West Kazakhstan lies in the borderlands between Europe and Asia. The Silk Road passed through the region, which was also the site of the first contacts between Russians and Kazakhs. This is a region of contrasts — vast deserts extending all the way to the sea.
Much of the region’s more recent history revolves around the interaction between Kazakh nomads and the Russian settlers that arrived in the steppe during the period of Russian expansion, when many of the cities founded there around this time served as outposts from which to extend Russian conquest of Central Asia, and the region itself was a buffer zone at the intersection of Asian and European trade routes. United by this historical common factor, most of the region’s cities share a more modern characteristic — rapid development financed by exploitation of rich deposits of oil and gas. Only Aktau, founded in Soviet times, lacks the older link with other cities in the region — although it too is heavily dependent for its development on fossil fuels.
But despite its severe climate, the region has been one of surprising vitality for centuries. Settlement was especially vigorous in the Middle Ages; ancient settlements at Saraichik and Kyzyl-Kala, along with the underground mosques of Mangystau and numerous mausoleums, all testify to this.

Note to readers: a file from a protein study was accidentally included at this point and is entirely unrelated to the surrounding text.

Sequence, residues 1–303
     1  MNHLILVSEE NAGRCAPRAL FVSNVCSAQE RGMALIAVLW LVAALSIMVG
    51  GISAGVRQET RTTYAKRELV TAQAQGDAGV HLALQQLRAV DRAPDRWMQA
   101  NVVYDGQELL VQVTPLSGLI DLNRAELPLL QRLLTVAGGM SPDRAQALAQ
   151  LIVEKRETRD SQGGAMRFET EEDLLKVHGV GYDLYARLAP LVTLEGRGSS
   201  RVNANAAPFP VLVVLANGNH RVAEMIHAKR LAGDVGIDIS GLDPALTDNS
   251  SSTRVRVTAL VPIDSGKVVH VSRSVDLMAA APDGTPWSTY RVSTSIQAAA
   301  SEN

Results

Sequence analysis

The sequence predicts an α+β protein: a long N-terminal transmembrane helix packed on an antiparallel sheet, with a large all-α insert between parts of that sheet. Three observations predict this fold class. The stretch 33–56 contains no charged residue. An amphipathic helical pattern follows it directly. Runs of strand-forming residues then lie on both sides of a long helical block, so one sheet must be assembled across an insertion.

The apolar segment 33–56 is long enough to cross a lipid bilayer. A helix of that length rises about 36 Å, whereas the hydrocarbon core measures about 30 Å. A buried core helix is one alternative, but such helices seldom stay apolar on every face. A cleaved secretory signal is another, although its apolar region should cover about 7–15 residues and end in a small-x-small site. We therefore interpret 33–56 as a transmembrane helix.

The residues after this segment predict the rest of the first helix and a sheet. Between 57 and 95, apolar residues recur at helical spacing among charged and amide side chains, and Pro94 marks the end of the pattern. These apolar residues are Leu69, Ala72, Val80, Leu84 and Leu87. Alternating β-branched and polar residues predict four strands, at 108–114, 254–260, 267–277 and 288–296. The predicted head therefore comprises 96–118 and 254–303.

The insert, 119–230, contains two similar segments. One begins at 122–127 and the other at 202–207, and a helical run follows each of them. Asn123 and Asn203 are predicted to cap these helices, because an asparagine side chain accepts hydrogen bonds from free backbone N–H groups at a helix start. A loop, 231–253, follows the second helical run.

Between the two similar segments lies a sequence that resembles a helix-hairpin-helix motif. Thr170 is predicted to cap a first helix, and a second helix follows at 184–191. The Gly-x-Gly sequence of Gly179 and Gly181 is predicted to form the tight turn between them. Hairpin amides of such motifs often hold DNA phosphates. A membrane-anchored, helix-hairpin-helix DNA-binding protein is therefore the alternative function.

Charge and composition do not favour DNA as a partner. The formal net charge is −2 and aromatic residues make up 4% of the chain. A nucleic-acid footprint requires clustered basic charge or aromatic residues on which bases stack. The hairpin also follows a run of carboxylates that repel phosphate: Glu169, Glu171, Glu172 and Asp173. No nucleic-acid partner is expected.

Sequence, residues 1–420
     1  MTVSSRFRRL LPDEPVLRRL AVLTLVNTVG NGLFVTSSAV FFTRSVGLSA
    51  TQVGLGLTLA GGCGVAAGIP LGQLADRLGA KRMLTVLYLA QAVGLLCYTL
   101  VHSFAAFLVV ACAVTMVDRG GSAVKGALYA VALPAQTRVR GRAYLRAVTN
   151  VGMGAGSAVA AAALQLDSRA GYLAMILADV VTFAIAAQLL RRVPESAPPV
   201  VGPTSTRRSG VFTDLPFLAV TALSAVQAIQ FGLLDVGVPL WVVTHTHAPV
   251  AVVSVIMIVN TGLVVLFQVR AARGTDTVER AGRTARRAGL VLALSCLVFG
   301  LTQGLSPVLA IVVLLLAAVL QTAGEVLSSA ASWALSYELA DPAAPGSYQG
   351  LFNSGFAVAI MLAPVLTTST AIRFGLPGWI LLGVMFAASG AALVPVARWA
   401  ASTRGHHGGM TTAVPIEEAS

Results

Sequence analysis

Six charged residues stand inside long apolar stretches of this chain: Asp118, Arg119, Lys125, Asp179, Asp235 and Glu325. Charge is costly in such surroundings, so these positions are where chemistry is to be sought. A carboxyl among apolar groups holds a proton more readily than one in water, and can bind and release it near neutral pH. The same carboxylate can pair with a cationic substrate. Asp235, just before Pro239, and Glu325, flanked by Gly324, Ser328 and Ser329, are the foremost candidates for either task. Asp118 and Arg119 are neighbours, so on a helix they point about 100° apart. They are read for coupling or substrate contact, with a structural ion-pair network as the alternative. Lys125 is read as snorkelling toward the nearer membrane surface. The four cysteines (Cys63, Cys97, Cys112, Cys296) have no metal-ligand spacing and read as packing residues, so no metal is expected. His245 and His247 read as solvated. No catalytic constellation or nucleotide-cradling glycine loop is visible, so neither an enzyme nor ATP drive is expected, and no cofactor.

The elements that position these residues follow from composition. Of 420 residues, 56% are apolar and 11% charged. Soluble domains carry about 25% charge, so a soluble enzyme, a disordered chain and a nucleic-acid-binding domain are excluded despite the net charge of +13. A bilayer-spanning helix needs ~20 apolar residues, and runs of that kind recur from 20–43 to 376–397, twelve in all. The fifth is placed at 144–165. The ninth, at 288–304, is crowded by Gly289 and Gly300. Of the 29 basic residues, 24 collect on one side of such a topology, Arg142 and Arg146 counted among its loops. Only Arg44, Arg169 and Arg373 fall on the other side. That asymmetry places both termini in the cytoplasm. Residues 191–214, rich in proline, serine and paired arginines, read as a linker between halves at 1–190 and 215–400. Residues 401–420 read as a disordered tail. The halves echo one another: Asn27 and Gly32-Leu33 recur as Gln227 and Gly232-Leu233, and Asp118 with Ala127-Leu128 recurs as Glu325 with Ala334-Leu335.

The Zhamanshin meteorite crater and numerous chalk mounds and sub-sea-level depressions figure among the many compelling natural features of the region.
West Kazakhstan stretches from the lower reaches of the River Volga in the west to the Turgai gully and the Aral Sea in the east; and from the southern Ustyurt plateau in the south to the submontane steppe of the Southern Urals in the north. The area accordingly includes the Caspian lowlands, the Mangyshlak, Ustyurt and Poduralskoye plateaus, and the Mugojar mountains; and is thus predominantly flat. Although there are mountains in both east and south, they are not high: up to 700 meters in the east, and 550 meters in the south. A substantial portion of the territory lies below sea level, and one of the deepest depressions in the world, the Karagiye (132 meters below sea level), is to be found there.
West Kazakhstan being principally either desert or steppe, many of its rivers and lakes dry up periodically. This makes the River Ural, which is regarded as marking the border between Europe and Asia in this part of the world, the region’s principal waterway: it is its only non-seasonal river, flowing north-south through the western part of the region all year round.
West Kazakhstan consists of four oblasts: Atyrau Oblast, with its capital at Atyrau; West Kazakhstan Oblast, with its capital at Uralsk; Aktobe Oblast, with its capital at Aktobe; and Mangystau Oblast with its capital at Aktau. Besides these four main cities, there are a number of smaller and not especially remarkable ones including Aksai, Kandyagash, Makat, Kulsary, and Zhanaozen. One more, Fort Shevchenko is worth a visit: founded in 1846 it boasts a number of museums and other sites of interest.